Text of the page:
Black Holes One Hundred Billion Times the Mass of the Sun

This computer-simulated image shows a supermassive black hole in the core of a galaxy. The black area in the middle represents the black hole’s event horizon, where no light can escape the gravity grip of the massive object. The black hole’s strong gravity distorts the space around it like a funhouse mirror. Light from background stars is stretched and smeared as the stars pass the black hole. NASA, ESA and D. Coe, J. Anderson and R. van der Marel (STScI)

If the idea of ​​a black hole a million times the mass of our sun makes you uncomfortable, then we have bad news: Researchers have predicted that black holes could grow even larger than previously thought, reaching masses in the hundreds of billions Times the mass of the sun. These are not just super massive black holes – they are incredibly large black holes.

The largest black holes discovered to date are the monsters that lie at the heart of galaxies and are known as supermassive black holes (SMBHs). These include Sagittarius A *, the black hole in the center of the Milky Way, which is a relatively modest four million solar masses, and the famous black hole in the heart of Messier 87, pictured in 2019 and having a mass of 6.5 million Solar masses.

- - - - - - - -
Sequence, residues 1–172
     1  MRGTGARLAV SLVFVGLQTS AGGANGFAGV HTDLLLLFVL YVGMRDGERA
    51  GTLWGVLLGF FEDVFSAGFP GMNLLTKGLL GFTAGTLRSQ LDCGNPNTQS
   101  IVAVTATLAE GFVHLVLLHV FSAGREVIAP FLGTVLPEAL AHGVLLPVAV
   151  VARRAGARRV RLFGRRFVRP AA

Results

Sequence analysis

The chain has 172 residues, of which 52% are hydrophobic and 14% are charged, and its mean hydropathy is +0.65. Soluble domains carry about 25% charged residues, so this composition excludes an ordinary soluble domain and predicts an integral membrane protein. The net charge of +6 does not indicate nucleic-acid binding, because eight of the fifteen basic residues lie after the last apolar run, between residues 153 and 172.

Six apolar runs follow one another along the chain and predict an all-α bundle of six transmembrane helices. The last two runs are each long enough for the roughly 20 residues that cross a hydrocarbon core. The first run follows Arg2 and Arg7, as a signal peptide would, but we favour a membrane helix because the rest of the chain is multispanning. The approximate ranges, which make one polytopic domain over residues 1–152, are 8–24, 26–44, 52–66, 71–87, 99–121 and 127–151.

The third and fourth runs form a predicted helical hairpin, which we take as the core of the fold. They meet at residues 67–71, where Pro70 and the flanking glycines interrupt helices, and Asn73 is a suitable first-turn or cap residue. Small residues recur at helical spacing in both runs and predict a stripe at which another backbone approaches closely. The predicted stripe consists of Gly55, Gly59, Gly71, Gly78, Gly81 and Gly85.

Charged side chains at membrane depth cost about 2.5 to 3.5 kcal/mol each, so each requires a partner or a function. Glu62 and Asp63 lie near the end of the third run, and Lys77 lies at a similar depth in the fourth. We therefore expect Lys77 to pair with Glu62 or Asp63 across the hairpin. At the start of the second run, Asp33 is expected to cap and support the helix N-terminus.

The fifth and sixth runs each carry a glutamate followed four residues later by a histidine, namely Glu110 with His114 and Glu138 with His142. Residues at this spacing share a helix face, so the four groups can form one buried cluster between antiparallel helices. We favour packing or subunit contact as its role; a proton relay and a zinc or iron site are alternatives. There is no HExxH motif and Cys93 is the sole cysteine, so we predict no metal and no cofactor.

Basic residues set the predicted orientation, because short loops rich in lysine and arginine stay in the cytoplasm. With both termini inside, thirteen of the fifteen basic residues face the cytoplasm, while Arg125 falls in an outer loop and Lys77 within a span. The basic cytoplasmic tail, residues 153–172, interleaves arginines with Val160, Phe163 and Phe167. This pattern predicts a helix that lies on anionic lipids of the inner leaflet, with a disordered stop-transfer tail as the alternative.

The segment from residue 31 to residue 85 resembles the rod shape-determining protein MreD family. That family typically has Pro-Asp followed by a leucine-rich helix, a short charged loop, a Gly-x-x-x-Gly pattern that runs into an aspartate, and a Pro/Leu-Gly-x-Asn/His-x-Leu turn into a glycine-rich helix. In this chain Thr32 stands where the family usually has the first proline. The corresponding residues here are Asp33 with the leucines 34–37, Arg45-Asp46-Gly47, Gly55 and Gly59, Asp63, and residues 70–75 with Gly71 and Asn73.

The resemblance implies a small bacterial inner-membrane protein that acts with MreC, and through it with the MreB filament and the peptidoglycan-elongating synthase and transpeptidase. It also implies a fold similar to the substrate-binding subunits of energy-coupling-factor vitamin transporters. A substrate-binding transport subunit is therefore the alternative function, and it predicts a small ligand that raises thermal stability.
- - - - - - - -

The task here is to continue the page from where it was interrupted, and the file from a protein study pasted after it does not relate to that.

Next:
These SMBHs are up to 60 billion solar masses in size. This is the largest that we currently know. It was previously thought to be roughly the upper limit for the size of a black hole because it is very difficult for them to get larger due to the limitations of the disk of matter around them called the accretion disk.

However, new research challenges this upper limit by suggesting that even larger, astonishingly large black holes (SLABs) may have formed in the early Universe. These “original” SLABs would not form from the collapse of a massive star like most black holes, but would have been born before galaxies began to form. That would allow them a range of sizes up to billions of solar masses.

“We already know that black holes exist in a wide range of masses, with an SMBH of four million solar masses at the center of our own galaxy,” lead author Bernard Carr said in a statement. “Although there is currently no evidence for the existence of SLABs, it is conceivable that they exist and could also be located outside of galaxies in intergalactic space, with interesting observation results. Surprisingly, the idea of ​​SLABs has so far been largely neglected. “

The researchers hope that this theory could advance research into SLABs that might even be related to dark matter. Dark matter may have formed in the early universe. So if you learn about primitive black holes that were also formed at this time, you can solve this puzzle.

The research is published in the Royal Astronomical Society’s Monthly Notices.

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